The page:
Review: How we took on the inaugural Swimrun Australia

I’m not sure where I first found out about the inaugural SwimRun Australia, but I do know that when I first saw it I had no intention of participating in it.

Just one look at the distances – a total of 17km made up of 3km in swimming and 14km in running – was enough for me to quickly switch back to my off-season of surfing, camping and Friday night drinks.

The mistake I made was mentioning the event to Jules, I remember saying something sarcastic like, “we should do this in a team, haha”… unfortunately (or fortunately) these turned out to be famous last words, because that night Jules said she’d organised her employer lululemon (The Ivy) to sponsor our entry fees – thanks!, entered us in the mixed team category and booked time off for the event!

Where did SwimRun come from?

SwimRun events might be new to Australia, but they’re a big deal over in Sweden where they originated in 2006 after a drunken bet between two Swedes to swim and run across more than 20 islands in Stockholm’s archipelago.

Unlike traditional aquathons, which combine swimming and running in a two stage event, swimrun involves teams of two completing the course with multiple legs of each discipline, swimming and running in the same gear and carrying everything you need for the race from start to finish.

The brainchild behind bringing the sport to Australia is Bondi lifeguard and race director Adriel Young, who has been living in-between Sydney and Sweden for the past 18 months.

Adriel had seen the sport well established in Europe, participated in events himself and watched as the sport exploded to over 100 events worldwide – bringing SwimRun to Australia seemed like a good thing.

Swimrun Sydney

Preparing for the event

So there we were, entered into the SwimRun with no idea of how fit we’d need to be, what gear and equipment we’d need to wear or how we’d stack up against the sold out 100 teams competing for the first time in Australia.

The course itself is nothing short of breathtaking. Weaving itself around the harbour foreshore from Rose Bay to Watsons Bay (and back) the terrain was a mix of road, footpath, beach, rocks, wooden walkway, grass and stairs (lots of stairs).

But it wouldn’t be until the week before until we found this out, because we planned our training around Bondi; with a swim session, two beach swim/run sessions, one coastal run to Clovelly to match the type of terrain of the event, a longer road run for endurance and yoga to stretch and prepare mentally, each week.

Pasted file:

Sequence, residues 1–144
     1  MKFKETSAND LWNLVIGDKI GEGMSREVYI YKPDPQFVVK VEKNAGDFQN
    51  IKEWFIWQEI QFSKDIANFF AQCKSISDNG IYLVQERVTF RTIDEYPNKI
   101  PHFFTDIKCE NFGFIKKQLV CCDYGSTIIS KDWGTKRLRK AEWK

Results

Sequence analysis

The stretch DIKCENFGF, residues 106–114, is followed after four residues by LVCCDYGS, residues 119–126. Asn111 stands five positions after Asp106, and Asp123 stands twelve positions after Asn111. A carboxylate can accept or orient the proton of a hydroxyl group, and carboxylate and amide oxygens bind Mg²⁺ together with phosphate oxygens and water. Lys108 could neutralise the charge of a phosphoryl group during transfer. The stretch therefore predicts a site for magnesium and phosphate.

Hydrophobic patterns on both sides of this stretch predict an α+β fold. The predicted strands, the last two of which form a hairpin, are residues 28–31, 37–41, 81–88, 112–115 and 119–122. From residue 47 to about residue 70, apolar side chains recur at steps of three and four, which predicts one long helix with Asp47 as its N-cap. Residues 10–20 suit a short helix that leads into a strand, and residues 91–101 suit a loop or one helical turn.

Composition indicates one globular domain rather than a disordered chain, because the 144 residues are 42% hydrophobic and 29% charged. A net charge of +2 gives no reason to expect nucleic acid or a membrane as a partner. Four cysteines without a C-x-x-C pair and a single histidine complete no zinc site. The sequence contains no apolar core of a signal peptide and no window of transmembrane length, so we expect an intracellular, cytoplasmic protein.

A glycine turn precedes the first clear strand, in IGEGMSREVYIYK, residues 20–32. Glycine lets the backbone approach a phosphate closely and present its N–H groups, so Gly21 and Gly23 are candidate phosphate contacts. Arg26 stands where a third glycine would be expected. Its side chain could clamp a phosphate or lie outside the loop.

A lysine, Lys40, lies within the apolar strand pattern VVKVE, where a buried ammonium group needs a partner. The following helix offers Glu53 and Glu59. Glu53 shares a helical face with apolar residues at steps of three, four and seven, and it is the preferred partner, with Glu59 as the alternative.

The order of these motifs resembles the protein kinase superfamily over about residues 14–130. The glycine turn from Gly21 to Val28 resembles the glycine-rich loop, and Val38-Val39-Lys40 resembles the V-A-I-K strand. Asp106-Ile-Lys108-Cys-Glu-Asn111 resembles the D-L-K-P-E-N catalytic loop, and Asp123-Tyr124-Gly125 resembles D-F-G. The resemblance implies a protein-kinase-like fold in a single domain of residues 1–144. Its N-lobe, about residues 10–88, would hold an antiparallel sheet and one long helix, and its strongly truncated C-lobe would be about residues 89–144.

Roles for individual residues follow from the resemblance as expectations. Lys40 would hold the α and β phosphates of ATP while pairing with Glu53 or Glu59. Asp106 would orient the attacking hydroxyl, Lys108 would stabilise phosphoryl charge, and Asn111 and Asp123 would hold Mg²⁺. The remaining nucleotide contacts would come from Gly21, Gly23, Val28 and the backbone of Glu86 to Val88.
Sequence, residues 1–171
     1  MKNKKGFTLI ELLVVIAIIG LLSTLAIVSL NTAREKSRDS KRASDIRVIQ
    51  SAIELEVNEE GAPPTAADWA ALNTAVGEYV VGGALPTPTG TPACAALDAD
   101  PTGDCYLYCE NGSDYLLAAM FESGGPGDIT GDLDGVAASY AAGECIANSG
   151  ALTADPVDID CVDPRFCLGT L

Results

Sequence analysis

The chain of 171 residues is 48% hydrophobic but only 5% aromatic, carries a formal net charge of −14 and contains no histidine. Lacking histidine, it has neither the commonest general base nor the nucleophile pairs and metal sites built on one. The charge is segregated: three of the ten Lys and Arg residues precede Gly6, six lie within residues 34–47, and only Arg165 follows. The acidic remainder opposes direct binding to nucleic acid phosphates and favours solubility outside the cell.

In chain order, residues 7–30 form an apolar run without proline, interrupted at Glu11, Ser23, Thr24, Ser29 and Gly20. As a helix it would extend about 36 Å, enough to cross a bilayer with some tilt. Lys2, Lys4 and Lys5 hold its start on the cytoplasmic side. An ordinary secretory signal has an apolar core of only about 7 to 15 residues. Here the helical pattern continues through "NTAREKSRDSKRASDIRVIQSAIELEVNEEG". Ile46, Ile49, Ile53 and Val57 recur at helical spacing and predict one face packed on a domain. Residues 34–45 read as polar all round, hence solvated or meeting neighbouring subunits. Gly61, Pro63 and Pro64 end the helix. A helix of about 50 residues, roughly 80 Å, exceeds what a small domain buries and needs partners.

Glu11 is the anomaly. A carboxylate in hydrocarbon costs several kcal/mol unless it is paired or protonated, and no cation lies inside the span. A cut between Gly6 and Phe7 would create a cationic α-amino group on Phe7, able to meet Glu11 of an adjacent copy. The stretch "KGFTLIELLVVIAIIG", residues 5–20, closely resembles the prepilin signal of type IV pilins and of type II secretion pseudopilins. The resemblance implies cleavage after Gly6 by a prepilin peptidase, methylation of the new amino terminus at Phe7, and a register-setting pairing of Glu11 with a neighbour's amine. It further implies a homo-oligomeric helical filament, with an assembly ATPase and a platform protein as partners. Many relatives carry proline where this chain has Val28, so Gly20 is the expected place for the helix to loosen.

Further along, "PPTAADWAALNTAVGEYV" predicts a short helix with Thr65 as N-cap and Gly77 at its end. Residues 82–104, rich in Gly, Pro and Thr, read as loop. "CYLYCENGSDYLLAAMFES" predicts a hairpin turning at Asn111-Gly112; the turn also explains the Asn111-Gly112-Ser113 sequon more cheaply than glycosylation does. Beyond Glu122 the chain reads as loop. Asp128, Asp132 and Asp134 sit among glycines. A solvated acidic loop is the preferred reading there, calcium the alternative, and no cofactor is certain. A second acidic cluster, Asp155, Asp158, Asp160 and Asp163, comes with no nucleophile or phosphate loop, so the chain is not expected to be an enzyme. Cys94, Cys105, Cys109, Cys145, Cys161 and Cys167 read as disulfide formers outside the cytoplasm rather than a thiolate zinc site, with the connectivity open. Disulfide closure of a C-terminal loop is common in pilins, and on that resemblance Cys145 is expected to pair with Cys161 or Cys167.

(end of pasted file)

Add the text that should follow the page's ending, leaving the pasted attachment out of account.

With two weeks to go we started to think about what gear we were going to wear. The event organisers sent some great emails with tips and we watched a few of the YouTube videos of the events being run in Sweden so see what they were wearing.

The first thing that became clear was that we weren’t going to need wetsuits. That was a relief, I’m still not sure how I’d go running 14km in a wetsuit, but we were lucky the water temp was still hovering around 20-21 degrees.

Swimming in our shoes was the main concern, you wouldn’t want to drag heavy legs with shoes as anchors throughout the swim legs. The great thing was you could wear a pull buoy, you just needed a way to attach it to yourself so you didn’t have to hold onto it during the runs.

After a few prototypes we went with two loops of bungee cord that would sit high on our thighs. On the day there were a huge range of ways participants had attached theirs, including tucking it into a belt, on a retractable cord, and tied to their calves.

We also swam with paddles (to counter the pull buoy drag) and kept our compulsory safety whistle in a pocket in our belt.

We had a couple of training sessions with all our gears down at Clovelly, it’s the perfect location to practice swimrun transitions and there are a heap of locals that do a swimrun circuit most days (you won’t look out of place).

It was pretty fun getting all geared up and we learnt a few things, particularly about the need to have the right shoes, socks and have your feet taped up to avoid blisters. Everything else seemed to go well.

Race Day

By the time race day came around we were happy we’d put enough training in to make the course, but we were still a little anxious about how taxing it would be on our bodies.

When we got down to Rose Bay each of the 100 teams were preparing for the start, you could tell everyone was looking around to see what others were wearing and how they’d interpreted the gear and equipment side of things.

Then it was all on! The male teams went first, followed by us wearing number 67 in the mixed team and tailed by the female teams.

The pace was pretty good and we settled into the race – it was just unfortunate that the prelude to the first swim was a 200m wade out into the harbour due to the low tide!